Last year, Toronto Crime Stoppers (TCS) received 7,186 tips that resulted in 67 arrests, 250 charges and $145,000 in property seized and over $2.1 million in illegal narcotics taken off the streets.
Tips also assisted investigators in solving four homicides and the seizure of six illegal firearms.
TCS is a partnership involving the police, the community and the media that enables concerned members of the public to anonymously provide information on the identity of a criminal or on incidents of criminal activity.
At the Crime Stoppers Month launch at police headquarters on January 5, Chief James Ramer thanked TCS for their continued dedication in helping to solve violent and dangerous crimes.
A partnership with the BOLO campaign led to the apprehension of T’Quan Robertson who was wanted for the shooting of two young girls in a Scarborough playground in 2018 and Alexander Fountain who was wanted for a fatal shooting four years ago.
Last October, Robertson pled guilty to attempted murder and two counts of aggravated assault and was sentenced to 13 years in prison.
“On behalf of the Service, I want to thank Crime Stoppers for their partnership that has helped solve cases and continues to support our efforts in protecting the public and keeping our communities safe,” Ramer pointed out.
TCS Board Chair Sean Sportun said the organization had a remarkable year generating the same amount of tips during a global pandemic even without paying out rewards.
“We must all work together with a collaborative goal to make a difference in the prevention of crime while enhancing the overall safety of our community,” he said. “Toronto Crime Stoppers is committed in our efforts to mobilize the community to ‘See it. Say it. Stop it’ for a safer Toronto. Doing the right thing truly is its own reward.”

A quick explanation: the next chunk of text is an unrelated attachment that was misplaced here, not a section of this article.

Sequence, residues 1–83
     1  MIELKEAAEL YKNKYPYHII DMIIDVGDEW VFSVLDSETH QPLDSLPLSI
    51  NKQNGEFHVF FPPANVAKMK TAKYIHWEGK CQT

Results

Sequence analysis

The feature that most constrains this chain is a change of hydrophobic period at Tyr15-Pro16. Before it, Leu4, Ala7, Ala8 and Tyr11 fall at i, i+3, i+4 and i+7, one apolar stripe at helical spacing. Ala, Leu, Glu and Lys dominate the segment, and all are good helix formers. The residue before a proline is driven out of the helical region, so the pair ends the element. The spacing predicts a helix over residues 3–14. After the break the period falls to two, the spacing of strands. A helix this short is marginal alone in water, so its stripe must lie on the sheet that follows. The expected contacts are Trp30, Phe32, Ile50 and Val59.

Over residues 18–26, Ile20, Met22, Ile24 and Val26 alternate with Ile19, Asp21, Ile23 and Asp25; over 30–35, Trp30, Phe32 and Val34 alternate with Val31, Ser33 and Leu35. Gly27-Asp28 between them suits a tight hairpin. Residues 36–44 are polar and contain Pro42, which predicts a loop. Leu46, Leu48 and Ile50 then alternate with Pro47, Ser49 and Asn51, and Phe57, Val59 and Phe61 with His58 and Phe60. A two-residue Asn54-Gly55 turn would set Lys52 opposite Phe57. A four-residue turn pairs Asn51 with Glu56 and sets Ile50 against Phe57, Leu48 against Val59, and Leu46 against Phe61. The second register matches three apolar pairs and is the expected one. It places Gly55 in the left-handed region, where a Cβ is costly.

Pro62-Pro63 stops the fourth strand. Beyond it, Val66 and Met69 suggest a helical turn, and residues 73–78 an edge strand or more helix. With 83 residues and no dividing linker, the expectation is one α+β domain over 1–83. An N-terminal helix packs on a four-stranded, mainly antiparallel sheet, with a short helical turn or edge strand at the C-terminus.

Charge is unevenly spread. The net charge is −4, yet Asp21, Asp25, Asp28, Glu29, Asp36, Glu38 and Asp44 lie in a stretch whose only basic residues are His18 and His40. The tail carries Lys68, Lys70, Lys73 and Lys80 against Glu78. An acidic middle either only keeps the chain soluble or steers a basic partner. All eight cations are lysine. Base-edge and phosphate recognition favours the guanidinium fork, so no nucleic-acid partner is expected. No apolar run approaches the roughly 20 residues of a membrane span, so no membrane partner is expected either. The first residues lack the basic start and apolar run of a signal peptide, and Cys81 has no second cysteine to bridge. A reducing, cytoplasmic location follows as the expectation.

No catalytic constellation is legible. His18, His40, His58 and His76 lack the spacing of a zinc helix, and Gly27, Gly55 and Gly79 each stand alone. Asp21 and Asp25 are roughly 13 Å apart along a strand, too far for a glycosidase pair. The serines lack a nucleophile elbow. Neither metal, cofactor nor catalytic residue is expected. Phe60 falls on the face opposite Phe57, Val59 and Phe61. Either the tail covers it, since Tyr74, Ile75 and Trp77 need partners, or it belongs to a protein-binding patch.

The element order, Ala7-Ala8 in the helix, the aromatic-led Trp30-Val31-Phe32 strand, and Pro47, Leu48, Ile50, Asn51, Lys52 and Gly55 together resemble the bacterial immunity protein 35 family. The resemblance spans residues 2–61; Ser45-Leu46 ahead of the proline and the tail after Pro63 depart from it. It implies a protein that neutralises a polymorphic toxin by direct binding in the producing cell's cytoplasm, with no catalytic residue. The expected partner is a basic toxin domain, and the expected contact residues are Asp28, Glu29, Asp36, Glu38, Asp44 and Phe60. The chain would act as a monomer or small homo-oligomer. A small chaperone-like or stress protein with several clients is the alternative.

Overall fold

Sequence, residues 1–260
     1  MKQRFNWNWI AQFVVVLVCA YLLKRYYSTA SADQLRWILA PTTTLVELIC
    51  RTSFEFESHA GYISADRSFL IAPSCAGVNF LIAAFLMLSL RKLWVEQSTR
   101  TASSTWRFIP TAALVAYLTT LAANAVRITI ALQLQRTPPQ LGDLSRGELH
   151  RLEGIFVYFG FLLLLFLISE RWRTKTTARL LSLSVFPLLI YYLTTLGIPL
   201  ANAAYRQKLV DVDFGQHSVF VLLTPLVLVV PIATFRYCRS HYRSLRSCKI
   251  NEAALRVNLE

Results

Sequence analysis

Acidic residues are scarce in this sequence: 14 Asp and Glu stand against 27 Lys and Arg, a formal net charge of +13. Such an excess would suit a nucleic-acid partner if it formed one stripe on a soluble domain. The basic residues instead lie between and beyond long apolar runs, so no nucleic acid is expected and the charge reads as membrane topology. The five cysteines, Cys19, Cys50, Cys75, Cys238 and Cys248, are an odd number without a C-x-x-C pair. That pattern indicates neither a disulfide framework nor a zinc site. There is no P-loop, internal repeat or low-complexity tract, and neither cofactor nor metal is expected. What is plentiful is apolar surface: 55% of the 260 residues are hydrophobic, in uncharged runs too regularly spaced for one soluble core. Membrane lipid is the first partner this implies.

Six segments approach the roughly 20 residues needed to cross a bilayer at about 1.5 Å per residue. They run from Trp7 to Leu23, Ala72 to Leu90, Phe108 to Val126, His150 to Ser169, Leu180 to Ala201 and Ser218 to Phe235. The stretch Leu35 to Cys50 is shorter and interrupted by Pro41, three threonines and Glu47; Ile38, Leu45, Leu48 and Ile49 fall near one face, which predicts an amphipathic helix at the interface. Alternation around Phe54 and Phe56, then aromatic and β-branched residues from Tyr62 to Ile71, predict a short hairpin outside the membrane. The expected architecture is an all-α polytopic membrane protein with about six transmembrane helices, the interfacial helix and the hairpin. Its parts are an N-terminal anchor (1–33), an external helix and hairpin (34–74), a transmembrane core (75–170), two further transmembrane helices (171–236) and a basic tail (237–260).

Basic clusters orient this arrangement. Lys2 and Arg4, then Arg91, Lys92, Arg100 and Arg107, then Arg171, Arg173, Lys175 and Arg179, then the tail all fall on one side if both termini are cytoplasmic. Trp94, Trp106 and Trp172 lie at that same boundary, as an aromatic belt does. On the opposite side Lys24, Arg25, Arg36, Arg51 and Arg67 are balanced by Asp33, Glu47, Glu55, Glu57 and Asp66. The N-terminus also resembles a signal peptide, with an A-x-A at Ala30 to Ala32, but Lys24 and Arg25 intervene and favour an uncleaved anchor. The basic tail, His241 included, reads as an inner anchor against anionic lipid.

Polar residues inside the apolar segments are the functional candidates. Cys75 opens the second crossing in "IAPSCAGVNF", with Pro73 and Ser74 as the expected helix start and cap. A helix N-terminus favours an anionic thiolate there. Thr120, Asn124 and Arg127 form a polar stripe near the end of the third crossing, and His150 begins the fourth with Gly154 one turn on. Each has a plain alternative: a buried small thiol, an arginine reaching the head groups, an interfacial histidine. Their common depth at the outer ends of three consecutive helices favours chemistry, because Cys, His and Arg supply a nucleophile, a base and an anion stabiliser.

With the onset of the COVID-19 pandemic, Sportun said his organization was challenged last year.
“Like most, we were forced to adapt to the environment and make a shift in how we operated to maintain community engagement,” he said. “Our commitment to community safety with a focus on crime prevention remained as always the priority to the foundation of what we do at Crime Stoppers. And our collective hard work continues to have an impact on helping combat criminal activity in the city of Toronto.”
In addition to collecting tips, Crime Stoppers is heavily engaged in the community creating awareness.
Sportun said they continue to find creative ways to generate awareness and stay connected with the community with the See It, Say It, Stop It podcasts and educational public service videos, funded by Petro Canada, are now being rolled out.
“The videos are intended to draw attention to the seriousness of bullying and to educate students about the role that Crime Stoppers plays in helping all communities stay safe, including their own community,” he said.
Sportun said some of the projects they are working on include the Hoddies4The Homeless initiative with their partners Moe Minds which is expected to be deployed later this month and the production of the second edition of Captain Canuck Crime Stoppers comic book by Chapter House Publishing.
In 2020, TCS collaborated with Humber College to sponsor a scholarship presented to a second-year student in the Protection, Security & Investigation program.
Anyone with information about a crime that has occurred, or about to happen, can make an anonymous tip to Crime Stoppers at 416-222-TIPS (8477), online at 222tips.com.